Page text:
Astarita, 41, a member of the FBI’s elite Hostage Rescue Team, looked straight ahead but squeezed the hands of defense lawyers Robert Cary and Meghan Ferguson sitting on either side of him as the court clerk read the verdicts about 2:45 p.m., according to a report in The Oregonian newspaper.

Once the jury left, the attorneys hugged Astarita.

A 37-year-old married father of two from a Portland suburb who sat the jury told Maxine Bernstein of The Oregonian:

“I feel it’s possible someone is lying. I don’t know which side, or who, or it could be both. There’s still two unattributed shots, and I feel like we’re never going to know for sure who took them.”

He also said he “felt like a pendulum going back and forth during the trial — from ‘oh man, he definitely did it’ and then ‘well, maybe, he didn’t.”’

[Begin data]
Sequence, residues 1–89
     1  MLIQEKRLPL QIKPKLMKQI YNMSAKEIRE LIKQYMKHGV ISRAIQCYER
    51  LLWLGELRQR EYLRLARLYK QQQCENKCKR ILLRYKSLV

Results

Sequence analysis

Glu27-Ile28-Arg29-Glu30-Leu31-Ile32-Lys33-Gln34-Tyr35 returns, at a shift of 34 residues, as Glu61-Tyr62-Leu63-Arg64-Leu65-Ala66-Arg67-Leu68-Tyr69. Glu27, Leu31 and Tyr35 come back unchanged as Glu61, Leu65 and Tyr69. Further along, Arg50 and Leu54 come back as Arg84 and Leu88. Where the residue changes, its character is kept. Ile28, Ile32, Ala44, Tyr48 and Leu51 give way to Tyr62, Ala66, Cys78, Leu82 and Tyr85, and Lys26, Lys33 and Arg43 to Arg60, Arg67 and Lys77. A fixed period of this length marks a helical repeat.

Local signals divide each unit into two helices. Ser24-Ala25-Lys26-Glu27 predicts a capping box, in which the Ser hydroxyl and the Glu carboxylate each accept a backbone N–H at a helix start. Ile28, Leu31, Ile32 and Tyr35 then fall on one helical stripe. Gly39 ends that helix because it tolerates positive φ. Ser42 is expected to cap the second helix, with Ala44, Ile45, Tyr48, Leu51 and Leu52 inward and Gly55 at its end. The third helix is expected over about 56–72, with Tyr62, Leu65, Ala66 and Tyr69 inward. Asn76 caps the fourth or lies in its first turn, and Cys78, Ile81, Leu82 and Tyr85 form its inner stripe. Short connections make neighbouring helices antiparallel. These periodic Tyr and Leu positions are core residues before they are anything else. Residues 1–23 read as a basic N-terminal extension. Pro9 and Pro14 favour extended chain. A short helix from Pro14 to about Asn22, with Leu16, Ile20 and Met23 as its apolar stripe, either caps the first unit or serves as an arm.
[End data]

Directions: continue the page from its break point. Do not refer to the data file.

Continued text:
FBI Fires Strzok over Anti-Trump Texts During 2016 Election

Peter Strzok testifying on The Hill.

By Steve Neavling
Ticklethewire.com

The FBI has fired Peter Strzok for sending anti-Trump text messages to his lover during the presidential campaign.

Strzok attorney Aitan Goelman confirmed FBI Deputy Director David L. Bowditch ordered the termination Friday, overruling an internal disciplinary review that had recommended Strzok be demoted and suspended for 60 days.

“The decision to fire Special Agent Strzok is not only a departure from typical Bureau practice, but also contradicts Director Wray’s testimony to Congress and his assurances that the FBI intended to follow its regular process in this and all personnel matters,” Goelman said, according to Politico.

The FBI declined numerous news agencies’ requests for a comment.

Strzok, a 22-year veteran of the bureau, was among the lead investigators of Russian interference during the 2016 election until the anti-Trump text messages were discovered by a Justice Department inspector general.

Special counsel Robert Mueller immediately removed Strzok from the team investigating Russia.

The politically charged texts were amplified by the president and his supporters as evidence that the investigation into Trump and his campaign was biased.

The texts were sent to an FBI lawyer, Lisa Page, who also was part of Mueller’s team.

Page and Strzok were having an affair, and Trump called the pair “FBI lovers.”